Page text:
REFORM AND REAUTHORIZE FAA; Congressional Record Vol. 163, No. 172
(House of Representatives - October 25, 2017)

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                       REFORM AND REAUTHORIZE FAA

  The SPEAKER pro tempore. The Chair recognizes the gentleman from 
California (Mr. Denham) for 5 minutes.
  Mr. DENHAM. Mr. Speaker, I rise this morning because the House must 
continue its work to reform and reauthorize the FAA. We have got to 
pass H.R. 2997, the 21st Century AIRR Act.
  Thirty years ago--30 years ago--the FAA identified the need to 
modernize or upgrade the Nation's antiquated World War II era air 
traffic control system. This is a system, at the time, that used radar 
technology and paper strips for communications between controllers. 
They literally would take these paper slips and hand them from one 
controller to the next controller to the next controller as aircraft 
not only moved through the airwaves, but were moving through the 
airport systems.
  Now, over the last 30 years, Canada, Australia, and many in the EU 
have changed to this GPS system. We have got countries all across the 
globe going to GPS, or decades ago have already switched. It is when 
they go through our airspace, we still use this old radar technology.
  Now, during this time, we have upgraded GPS systems. We all carry 
around handheld devices that use GPS: the Wave app, Google app. There 
are many different mapping platforms that allow you to get through 
cities, towns, the countryside. If there is an accident, there is a 
delay, it allows you to get around it and move through so that we can 
actually have greater efficiencies on the road.
  But 30 years have gone by, and today, after spending $7 billion, the 
FAA still uses this outdated radar technology, moving from beacon to 
beacon, getting passed along as you travel across the United States. 
And, yes, our air traffic control system still passes these little 
pieces of paper from one to the next to the next. Oftentimes, if you 
travel around, you will go through areas where you are not captured by 
the radar at all, while other countries continue with this GPS system.
  This outdated air traffic control system negatively impacts the 
entire flying public. An outdated ATC means route inefficiencies, which 
means higher costs, which yields more congestion in our skies and 
sitting on our tarmacs.
  I would like to see a system where you don't leave the gate to go sit 
on the runway until you know that you actually have a slot and are 
moving into the air and have a direct flight to your point. But today,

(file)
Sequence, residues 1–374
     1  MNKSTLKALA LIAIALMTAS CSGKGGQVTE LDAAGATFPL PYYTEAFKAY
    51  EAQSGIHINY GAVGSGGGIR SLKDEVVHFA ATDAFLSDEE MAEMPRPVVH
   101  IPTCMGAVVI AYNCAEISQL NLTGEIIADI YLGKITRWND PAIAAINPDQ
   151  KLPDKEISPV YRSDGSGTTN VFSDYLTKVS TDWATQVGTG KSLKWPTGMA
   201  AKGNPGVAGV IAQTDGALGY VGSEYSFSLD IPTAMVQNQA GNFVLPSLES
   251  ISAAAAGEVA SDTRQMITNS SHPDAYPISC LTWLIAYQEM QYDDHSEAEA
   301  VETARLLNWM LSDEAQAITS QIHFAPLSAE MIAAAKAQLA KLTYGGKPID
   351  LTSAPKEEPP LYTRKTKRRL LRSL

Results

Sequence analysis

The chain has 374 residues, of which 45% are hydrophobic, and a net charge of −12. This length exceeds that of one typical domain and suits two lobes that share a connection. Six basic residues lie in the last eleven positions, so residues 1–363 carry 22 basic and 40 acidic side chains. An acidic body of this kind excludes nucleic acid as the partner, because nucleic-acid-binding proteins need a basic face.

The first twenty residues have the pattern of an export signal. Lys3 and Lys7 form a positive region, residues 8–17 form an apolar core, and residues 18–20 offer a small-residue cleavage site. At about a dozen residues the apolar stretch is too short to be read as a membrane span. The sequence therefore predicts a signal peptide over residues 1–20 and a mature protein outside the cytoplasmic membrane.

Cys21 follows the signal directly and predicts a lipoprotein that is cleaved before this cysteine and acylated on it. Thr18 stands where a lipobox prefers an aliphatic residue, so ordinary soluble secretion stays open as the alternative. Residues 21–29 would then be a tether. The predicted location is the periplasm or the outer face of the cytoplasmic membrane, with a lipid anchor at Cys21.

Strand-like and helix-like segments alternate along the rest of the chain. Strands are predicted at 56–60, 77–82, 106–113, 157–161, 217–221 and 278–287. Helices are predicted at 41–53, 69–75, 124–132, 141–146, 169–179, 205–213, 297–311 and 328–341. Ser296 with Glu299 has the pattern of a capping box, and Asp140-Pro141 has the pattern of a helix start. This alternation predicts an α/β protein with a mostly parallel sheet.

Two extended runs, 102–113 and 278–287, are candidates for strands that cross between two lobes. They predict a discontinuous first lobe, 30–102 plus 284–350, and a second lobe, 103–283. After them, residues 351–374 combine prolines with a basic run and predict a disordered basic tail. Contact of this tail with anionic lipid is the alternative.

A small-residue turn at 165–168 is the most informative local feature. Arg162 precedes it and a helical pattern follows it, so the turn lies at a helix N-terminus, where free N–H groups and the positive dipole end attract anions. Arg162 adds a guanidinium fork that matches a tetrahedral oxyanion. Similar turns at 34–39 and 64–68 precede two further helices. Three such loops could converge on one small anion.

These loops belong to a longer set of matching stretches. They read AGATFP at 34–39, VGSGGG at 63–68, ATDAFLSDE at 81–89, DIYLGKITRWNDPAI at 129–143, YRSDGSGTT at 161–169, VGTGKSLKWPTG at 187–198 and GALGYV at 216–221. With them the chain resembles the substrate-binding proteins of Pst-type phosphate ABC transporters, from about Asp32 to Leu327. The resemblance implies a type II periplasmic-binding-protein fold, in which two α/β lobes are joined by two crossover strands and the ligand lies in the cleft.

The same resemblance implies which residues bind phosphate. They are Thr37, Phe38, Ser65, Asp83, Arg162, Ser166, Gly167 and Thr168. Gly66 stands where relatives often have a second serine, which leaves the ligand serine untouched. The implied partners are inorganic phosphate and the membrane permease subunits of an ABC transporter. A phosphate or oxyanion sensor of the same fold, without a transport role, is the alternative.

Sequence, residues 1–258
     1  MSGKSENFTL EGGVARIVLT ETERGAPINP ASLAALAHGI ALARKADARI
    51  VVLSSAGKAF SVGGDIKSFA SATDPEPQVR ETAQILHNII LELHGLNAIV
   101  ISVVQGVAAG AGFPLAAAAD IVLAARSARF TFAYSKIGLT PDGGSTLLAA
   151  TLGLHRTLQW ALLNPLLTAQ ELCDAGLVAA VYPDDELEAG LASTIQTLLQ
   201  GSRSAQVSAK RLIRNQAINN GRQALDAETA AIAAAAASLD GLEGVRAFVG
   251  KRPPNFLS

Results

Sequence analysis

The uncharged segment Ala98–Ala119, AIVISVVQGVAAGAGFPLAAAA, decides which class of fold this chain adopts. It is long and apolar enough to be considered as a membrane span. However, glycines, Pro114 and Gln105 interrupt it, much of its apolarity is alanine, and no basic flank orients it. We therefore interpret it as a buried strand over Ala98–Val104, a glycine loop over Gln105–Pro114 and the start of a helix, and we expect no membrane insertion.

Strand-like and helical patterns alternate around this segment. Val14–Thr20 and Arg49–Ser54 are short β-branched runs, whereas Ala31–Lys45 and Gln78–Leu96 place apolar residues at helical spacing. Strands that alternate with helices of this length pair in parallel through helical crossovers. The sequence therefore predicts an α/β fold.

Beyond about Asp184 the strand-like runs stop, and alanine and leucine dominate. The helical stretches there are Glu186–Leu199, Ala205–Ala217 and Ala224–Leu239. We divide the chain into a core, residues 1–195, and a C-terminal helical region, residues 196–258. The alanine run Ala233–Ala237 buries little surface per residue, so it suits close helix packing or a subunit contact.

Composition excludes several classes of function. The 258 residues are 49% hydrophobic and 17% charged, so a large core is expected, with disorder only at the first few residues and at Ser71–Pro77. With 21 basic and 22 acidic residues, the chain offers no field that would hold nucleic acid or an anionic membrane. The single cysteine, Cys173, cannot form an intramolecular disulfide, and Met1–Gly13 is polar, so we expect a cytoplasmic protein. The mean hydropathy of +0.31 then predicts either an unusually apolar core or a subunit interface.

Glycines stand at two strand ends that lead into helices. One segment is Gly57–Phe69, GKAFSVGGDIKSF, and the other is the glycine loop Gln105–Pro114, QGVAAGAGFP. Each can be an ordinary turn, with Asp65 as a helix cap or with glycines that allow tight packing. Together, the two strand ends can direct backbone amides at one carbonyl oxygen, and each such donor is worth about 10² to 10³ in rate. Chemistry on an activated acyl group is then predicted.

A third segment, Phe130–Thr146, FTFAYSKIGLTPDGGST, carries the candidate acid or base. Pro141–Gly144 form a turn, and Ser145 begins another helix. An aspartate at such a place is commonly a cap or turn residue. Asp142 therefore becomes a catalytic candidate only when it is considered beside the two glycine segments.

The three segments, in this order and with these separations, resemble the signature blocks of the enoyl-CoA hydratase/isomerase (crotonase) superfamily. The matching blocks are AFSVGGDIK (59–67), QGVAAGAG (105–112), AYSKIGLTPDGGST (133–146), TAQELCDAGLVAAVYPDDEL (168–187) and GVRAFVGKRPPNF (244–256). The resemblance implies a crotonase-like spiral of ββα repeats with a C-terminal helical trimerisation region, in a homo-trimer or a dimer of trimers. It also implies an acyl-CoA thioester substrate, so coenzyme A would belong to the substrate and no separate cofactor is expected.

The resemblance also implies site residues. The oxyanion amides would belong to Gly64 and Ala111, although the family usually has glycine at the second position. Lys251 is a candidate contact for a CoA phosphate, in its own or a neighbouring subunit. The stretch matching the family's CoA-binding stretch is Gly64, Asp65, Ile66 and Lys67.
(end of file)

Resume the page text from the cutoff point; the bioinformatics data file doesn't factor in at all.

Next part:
you will see many airlines that will sit you out on the tarmac waiting 
for a slot.
  More congestion is a direct factor of flight delays and canceled 
flights. The reforms in this bill will provide more on-time departures 
and arrivals and less canceled flights.
  This bill is for the average flier. It doesn't matter which airline 
you take, we ought to have an air traffic control system that serves 
them all with a GPS system that allows you to get from point A to point 
B without the time delays.
  This also has the Air Improvement Program fully funded, which 
actually increases the Airport Improvement Program from $3.3 billion to 
$4 billion. It has the ability to upgrade our airports.
  Mr. Speaker, I also served my country in the Air Force for 16 years. 
As a veteran, I know that national security comes first. The 21st 
Century AIRR Act does not jeopardize the interaction between the 
Department of Defense and air traffic control; in fact, it strengthens 
it. The Federal Government retains exclusive sovereignty and control of 
the airspace, and the President maintains critical authority to assume 
control of the airspace during emergencies in times of war.
  The time to bring up the bill, H.R. 3997, the 21st Century AIRR Act, 
is now. The public has waited way too long. We have been bypassed by 
other countries. If we can identify it 30 years ago that we had World 
War II technology, we ought to recognize it today and stop passing 
these little pieces of paper back and forth through our air traffic 
control systems.
  Let's upgrade our systems, let's create efficiencies, and let's get 
people moving across this country in an efficient manner where they are 
not sitting on tarmacs waiting for flight delays.